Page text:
South Korea has imposed social distancing across the country until 13th September 2020. Please avoid nonessential travel and check for local government updates before planning a trip. Stay at home now and travel later.
We’ve had the wettest monsoon this summer. There were about 10 typhoons (of varying intensities) that wrecked havoc at vulnerable spots along the coast of the Korean Peninsula and Jeju Island. It has also been the longest monsoon season in recent years. We’ve never seen such a wet summer before in Korea. The rain and dark skies have successfully fooled me into thinking: I’m back home.
Haeundae Beach is at the farthest corner of Busan City. T-Money cards work on all modes of public transportation (metro, buses, and taxis) in Busan.We reached Busan Station (previous post) on Thursday afternoon and took the local metro to Haeundae Beach. We took line 1 from Busan Station and got off at Seomyeon Station to transfer to line 2. Haeundae Station is the third stop before the last station (on line 2) and the metro is practically empty on a weekday afternoon. Exit 5 (or 7) is about 10 minutes from the beach. Alternatively, buses 1001 or 1003 go directly to Busan Station. We chose to take the bus on our way back and it gets pretty crowded on a Saturday morning. Busan City Tour (BUTI) buses also stop near the beach and tickets can be bought at Busan Station.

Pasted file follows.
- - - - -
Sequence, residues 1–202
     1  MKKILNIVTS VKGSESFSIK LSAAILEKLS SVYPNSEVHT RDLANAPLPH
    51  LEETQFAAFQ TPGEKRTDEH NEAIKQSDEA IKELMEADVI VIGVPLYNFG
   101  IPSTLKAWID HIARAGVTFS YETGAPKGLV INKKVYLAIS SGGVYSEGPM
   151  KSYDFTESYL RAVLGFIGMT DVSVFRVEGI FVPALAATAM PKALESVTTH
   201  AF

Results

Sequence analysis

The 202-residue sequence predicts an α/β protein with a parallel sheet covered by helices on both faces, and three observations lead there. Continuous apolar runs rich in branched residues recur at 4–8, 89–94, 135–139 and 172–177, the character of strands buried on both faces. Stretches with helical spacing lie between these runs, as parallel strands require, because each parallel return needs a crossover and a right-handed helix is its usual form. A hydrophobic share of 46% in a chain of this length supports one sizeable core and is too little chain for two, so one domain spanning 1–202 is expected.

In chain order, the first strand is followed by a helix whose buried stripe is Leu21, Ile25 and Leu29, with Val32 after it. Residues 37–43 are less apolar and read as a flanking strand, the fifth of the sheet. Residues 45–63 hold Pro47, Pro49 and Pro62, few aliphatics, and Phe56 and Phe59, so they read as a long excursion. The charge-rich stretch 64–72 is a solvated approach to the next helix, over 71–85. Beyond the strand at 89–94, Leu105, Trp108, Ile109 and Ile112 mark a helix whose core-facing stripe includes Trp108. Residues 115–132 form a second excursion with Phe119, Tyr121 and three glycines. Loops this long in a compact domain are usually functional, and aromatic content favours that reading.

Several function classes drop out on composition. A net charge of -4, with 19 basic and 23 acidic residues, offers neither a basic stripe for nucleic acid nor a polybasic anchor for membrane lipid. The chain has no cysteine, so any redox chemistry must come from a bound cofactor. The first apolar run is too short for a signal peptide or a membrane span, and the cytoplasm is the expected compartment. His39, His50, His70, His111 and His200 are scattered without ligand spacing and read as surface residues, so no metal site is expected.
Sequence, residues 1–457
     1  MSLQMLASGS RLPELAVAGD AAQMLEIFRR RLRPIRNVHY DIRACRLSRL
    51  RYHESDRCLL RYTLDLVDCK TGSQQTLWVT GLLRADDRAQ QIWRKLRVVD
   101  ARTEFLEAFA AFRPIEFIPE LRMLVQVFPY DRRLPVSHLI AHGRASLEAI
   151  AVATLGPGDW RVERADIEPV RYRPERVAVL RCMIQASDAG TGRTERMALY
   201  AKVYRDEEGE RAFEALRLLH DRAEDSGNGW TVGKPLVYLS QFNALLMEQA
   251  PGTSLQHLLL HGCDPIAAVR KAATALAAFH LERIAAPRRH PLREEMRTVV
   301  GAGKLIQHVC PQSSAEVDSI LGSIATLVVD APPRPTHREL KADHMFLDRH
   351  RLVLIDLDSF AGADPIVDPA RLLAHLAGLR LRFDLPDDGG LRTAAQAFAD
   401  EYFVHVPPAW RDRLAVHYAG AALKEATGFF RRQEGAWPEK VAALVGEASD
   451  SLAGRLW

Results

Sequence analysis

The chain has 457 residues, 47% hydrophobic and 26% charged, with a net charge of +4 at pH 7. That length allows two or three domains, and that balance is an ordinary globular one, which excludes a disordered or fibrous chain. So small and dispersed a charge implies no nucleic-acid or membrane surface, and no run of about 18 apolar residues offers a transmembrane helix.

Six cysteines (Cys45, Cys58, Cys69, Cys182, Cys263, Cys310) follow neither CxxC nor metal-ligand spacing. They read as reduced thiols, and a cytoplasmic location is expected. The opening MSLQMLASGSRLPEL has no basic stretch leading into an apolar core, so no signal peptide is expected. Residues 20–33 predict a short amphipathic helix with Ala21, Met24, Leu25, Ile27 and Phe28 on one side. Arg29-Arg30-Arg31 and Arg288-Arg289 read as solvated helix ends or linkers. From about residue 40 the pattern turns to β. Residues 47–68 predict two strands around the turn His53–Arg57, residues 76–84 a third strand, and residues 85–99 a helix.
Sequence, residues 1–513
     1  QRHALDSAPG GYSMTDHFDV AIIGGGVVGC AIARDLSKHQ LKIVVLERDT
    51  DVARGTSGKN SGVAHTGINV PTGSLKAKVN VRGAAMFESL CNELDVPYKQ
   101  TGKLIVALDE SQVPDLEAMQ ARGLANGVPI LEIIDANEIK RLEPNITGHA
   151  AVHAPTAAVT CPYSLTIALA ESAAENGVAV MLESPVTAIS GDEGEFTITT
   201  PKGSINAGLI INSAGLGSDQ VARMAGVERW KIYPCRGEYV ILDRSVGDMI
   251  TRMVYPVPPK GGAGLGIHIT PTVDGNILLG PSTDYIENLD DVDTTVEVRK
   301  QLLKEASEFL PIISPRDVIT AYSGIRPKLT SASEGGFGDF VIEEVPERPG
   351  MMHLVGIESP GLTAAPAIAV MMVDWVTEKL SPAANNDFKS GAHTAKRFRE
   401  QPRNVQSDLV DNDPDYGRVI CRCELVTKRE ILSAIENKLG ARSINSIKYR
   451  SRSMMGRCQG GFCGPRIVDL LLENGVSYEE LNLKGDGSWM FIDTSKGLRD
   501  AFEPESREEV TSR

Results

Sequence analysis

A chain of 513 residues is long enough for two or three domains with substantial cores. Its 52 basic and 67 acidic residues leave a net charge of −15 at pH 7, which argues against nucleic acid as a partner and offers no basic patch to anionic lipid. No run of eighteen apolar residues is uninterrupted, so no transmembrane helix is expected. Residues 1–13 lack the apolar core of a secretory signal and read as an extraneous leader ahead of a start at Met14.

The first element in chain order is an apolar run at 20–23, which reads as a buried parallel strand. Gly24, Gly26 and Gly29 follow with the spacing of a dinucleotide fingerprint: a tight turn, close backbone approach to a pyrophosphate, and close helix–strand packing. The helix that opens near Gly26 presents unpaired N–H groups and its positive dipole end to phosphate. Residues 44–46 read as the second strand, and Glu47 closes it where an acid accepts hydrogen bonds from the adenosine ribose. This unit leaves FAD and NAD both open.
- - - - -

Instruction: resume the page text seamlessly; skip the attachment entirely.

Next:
Please refer to the previous post (link) for basic guidelines on travelling in South Korea during the pandemic. Always wear a mask and practice good personal hygiene.
Before the pandemic, we’d choose budget or cheap motels/pension houses/hotels to spend the night on a short trip like this. However, we decided to spend more on the stay given the times that we are living in. We didn’t have a plan in place and decided to make the location the highlight of the trip. There are many hotels and motels just across the beach. We were lucky to find one with a gorgeous view of the beach whilst being reasonably priced. Travelling on a weekday had its advantages because there were very few guests.
SEALIFE Busan is an aquarium located at Hauendae Beach and was just across us.
I was hoping to get respite from the rain and escape Seoul’s gloomy climate. However, the rain followed us to Busan and we spent the afternoon indoors and Basil caught up with work.
The subway opens right into a busy street with restaurants, coffee shops, saunas, and hotels. This street starts buzzing in the evening and at night.
We found this traditional Korean restaurant just outside the exit of the metro. I hadn’t eaten Korean food (other than porridge) for around 6 months. I ordered mandu-guk (만두국) and Basil ordered naengmyeon (냉면). These local restaurants are budget friendly and serve authentic Korean delicacies. Korean tourism has taken a hit during the pandemic and many small restaurants have been struggling to stay afloat. The manager/owner of this restaurant was so happy to see foreigners (travellers) and greeted us warmly.
There’s lots to explore on this street and Goresa Fish Cake (고래사어묵) cannot be missed. The counters are filled with different kinds of fish cakes and it can be pretty hard to choose from. We wanted to have a hot soup and ordered eo-udong (어 우동) with some fish cakes.
Haeundae Beach (해운대해수욕장)
Haeundae Beach is one of the most popular beaches in South Korea. In summer, hordes of visitors flock the beach to enjoy the sun and sand. Most Korean beaches open between July and August when the rain has subsided and summer has officially begun. In late June, the beach was pretty empty and a treat to walk along.